Study of lesser virulent footrot in NSW
Karen Smith, Richard Whittington, Navneet Dhand and Om Dhungyel
Sydney School of Veterinary Science, The University of Sydney
Posted Flock & Herd September 2021
Footrot is a contagious disease that affects the welfare of animals and causes production losses in the sheep meat and wool industries worldwide. The Gram-negative bacterium Dichelobacter nodosus is the essential causative agent of ovine footrot and can cause a spectrum of disease ranging from benign to virulent footrot which results in severe lesions with under-running of the hoof. The prevalence of disease is influenced by host susceptibility, virulence of isolate and environmental conditions, with higher levels of disease typically occurring in warm and moist climatic conditions. The prevalence of virulent footrot has been reduced to <1% of flocks in New South Wales (NSW) due to the implementation of the Footrot strategic Plan in 1988. Consequently, the impact of lesser virulent strains of D. nodosus is becoming more apparent in NSW with traditional treatments and eradication programs often failing to eliminate the disease. In my research project studies at the University of Sydney I have looked at the following aspects of the disease relating to NSW:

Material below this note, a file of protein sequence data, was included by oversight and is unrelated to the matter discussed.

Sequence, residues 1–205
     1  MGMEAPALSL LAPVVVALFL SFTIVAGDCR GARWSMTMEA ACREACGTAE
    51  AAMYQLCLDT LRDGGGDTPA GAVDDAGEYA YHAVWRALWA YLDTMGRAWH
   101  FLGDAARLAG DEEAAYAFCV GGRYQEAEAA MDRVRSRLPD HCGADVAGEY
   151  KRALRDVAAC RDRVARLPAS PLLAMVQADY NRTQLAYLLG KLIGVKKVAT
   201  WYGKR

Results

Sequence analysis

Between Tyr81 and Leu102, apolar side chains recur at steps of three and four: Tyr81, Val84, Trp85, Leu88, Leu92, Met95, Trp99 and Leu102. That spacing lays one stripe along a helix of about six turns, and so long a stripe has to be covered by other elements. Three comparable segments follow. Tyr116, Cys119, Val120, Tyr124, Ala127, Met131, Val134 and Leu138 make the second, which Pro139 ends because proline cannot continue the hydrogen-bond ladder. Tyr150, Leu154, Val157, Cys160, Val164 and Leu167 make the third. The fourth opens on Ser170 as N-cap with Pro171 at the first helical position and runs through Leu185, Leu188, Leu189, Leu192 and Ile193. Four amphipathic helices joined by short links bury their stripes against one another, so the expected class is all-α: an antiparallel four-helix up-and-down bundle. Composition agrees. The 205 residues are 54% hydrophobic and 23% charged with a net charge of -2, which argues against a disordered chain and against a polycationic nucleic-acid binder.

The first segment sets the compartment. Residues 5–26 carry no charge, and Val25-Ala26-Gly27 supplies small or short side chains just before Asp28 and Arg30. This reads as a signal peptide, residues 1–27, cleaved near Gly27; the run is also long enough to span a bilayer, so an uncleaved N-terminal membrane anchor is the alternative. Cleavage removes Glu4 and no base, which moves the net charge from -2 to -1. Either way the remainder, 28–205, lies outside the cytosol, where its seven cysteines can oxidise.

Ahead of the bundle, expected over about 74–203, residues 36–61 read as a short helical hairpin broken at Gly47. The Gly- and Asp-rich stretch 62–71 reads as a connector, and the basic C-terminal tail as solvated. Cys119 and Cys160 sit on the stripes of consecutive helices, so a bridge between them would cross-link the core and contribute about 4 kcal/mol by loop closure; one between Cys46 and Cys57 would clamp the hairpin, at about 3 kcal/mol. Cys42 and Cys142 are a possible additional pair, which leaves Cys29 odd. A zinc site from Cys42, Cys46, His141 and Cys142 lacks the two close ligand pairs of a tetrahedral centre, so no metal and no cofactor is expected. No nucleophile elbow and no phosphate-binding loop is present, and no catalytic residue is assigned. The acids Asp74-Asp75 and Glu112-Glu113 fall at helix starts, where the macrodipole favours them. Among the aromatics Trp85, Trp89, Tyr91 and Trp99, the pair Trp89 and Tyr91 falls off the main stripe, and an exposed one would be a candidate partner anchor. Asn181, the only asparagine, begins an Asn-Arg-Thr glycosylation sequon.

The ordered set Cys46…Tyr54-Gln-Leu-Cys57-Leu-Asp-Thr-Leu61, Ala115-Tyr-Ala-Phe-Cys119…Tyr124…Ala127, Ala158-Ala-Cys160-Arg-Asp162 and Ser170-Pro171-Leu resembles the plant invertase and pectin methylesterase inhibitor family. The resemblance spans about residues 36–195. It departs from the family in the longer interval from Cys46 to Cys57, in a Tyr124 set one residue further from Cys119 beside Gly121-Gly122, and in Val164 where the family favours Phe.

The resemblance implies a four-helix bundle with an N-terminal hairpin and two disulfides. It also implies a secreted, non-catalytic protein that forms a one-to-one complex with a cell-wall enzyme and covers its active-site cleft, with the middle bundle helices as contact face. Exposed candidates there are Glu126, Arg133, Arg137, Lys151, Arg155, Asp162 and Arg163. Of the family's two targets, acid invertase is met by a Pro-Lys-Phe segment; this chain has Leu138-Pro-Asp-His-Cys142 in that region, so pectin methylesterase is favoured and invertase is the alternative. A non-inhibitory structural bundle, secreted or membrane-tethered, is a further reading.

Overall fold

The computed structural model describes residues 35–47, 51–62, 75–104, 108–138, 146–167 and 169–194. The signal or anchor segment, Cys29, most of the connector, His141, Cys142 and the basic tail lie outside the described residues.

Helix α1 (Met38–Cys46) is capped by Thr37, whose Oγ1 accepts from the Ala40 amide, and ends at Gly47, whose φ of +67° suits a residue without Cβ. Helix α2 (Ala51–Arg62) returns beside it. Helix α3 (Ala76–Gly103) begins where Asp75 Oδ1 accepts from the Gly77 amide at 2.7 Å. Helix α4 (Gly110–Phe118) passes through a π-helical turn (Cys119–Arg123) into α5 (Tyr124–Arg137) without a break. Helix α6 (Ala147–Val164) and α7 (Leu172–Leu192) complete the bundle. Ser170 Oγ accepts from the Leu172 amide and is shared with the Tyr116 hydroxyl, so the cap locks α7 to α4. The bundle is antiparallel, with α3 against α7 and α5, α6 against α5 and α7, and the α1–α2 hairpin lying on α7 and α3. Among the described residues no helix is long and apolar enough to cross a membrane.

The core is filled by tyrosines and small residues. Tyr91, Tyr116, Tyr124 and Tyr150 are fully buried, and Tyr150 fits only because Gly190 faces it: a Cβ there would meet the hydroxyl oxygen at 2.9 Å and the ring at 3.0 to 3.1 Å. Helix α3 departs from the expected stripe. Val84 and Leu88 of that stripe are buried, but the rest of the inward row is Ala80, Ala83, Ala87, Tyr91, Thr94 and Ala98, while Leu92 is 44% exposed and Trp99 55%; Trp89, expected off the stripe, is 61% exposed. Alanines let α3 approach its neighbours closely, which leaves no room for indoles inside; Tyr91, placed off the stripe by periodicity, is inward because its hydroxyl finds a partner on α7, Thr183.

- The pathogenicity of field isolates was examined in a pen trial to investigate whether a PCR test developed in Europe to determine the virulence of D. nodosus would be accurate and applicable to Australian isolates and also whether these lesser virulent forms of the disease would be eradicable by the application of appropriate treatments.
- The feasibility of pooling samples to improve the efficiency and cost effectiveness of diagnostic testing using PCR assays was assessed using foot swab samples collected from sheep farms in Tasmania and New South Wales (NSW).
- A vaccine trial was conducted at four farms in NSW diagnosed with benign or lesser virulent forms of footrot. The aim of the trial was to determine the efficacy of a serogroup-specific bivalent footrot vaccines against the lesser virulent forms of the disease.
- A study examining the gene expression was conducted to develop a greater understanding of virulence factors. Several genes and virulence factors of D. nodosus have been identified and the expression of some of these virulence related genes in isolates cultured in variable environmental conditions were studied.
- A survey study was conducted to identify risk factors associated with footrot and other hoof diseases in NSW and also to develop an understanding of farmer knowledge and attitudes regarding foot and hoof diseases. In addition, a second survey study aimed at veterinarians and animal health officials working with the sheep industry in NSW was conducted to better understand the services provided.
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